cover image Marc Chagall

Marc Chagall

Jonathan Wilson, . . Schocken/Nextbook, $19.95 (238pp) ISBN 978-0-8052-4201-0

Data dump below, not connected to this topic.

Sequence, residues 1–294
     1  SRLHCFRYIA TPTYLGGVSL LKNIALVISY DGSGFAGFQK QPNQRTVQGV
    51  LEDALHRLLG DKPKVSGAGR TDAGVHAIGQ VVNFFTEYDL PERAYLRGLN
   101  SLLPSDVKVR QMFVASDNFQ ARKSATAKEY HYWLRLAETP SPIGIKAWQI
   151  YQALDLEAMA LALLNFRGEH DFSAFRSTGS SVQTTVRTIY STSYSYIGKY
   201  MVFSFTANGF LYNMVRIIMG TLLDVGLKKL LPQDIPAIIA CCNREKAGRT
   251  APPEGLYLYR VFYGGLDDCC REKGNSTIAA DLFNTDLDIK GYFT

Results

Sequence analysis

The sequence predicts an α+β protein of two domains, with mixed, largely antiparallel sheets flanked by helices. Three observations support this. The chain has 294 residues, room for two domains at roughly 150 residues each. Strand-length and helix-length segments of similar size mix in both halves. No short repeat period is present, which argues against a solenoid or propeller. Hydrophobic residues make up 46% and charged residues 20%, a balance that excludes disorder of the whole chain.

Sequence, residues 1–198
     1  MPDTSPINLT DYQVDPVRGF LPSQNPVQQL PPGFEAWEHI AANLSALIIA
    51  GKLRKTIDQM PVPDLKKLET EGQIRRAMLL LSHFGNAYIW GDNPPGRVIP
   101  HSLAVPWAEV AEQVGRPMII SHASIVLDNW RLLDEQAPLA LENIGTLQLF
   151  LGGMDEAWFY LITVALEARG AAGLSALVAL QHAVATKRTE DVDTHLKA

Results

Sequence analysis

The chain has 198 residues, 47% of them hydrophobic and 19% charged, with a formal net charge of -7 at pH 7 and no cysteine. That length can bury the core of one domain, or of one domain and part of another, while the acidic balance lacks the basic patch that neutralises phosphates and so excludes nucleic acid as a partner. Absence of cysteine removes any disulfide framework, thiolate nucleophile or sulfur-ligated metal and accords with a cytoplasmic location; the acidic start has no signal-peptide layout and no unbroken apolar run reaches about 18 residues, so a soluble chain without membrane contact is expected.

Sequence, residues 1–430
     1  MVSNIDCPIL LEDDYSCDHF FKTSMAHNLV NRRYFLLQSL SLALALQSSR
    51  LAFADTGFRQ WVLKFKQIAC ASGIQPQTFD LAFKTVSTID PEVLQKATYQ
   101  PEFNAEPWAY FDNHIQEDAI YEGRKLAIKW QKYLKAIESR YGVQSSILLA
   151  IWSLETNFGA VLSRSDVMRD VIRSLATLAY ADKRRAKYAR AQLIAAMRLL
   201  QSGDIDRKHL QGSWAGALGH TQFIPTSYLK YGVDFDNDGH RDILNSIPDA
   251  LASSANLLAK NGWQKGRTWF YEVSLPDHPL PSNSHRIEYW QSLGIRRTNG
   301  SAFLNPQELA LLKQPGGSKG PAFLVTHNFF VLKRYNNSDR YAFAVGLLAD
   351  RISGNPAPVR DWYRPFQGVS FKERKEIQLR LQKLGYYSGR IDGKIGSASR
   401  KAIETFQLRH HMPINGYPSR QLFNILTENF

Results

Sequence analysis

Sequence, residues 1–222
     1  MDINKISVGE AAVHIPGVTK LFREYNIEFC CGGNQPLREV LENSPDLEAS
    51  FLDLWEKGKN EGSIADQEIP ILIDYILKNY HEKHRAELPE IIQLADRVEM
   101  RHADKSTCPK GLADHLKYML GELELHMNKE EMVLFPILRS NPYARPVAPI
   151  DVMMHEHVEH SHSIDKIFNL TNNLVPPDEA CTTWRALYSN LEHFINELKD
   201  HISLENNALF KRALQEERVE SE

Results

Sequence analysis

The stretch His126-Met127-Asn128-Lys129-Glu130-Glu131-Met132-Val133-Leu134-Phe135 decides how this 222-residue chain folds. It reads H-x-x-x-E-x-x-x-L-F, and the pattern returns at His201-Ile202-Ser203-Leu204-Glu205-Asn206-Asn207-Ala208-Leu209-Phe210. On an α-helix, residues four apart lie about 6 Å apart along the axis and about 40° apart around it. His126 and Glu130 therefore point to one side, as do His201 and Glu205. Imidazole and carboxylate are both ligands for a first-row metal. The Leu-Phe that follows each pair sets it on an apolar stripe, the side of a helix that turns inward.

Born Moishe Shagal in 1887, the son of a poor Orthodox Jewish laborer drew lifelong inspiration from his native Vitebsk, Belorussia. Chagall became famous for painting explosively colorful rooftop fiddlers, airborne cows and lovers floating above onion-domed churches, and a tallith-wrapped crucified Jesus. A victim of anti-Semitism who was ambivalent about his role as a Jewish artist, Chagall adorned churches and synagogues with stained-glass windows and often chose Christ as his symbol of martyrdom when depicting Jewish tragedies. Chagall's road to fame is mapped out by Wilson: his exposure, as a St. Petersburg student, to Matisse's dazzling palette; feverishly productive early years in Paris, where he absorbed an array of artistic influences; his immersion in politics in postrevolution Vitebsk, where he founded an art school; his return to Paris, where the legendary Vollard became his art dealer; and his New York exile during the Holocaust, where his beloved wife, Bella, died (he lived on for four more decades). Wilson's critiques (particularly of Chagall's "slippery" identity and his work's supposed sentimentality) are familiar, and this is less a fresh biography than a synthesis of writings by Benjamin Harshav, Chagall and his intimates. But Wilson (A Palestine Affair ) is an incisive, lively writer. Domestic photos are included, but the omission of color reproductions of Chagall's oeuvre in this entry in the Jewish Encounters series is frustrating. (Mar. 13)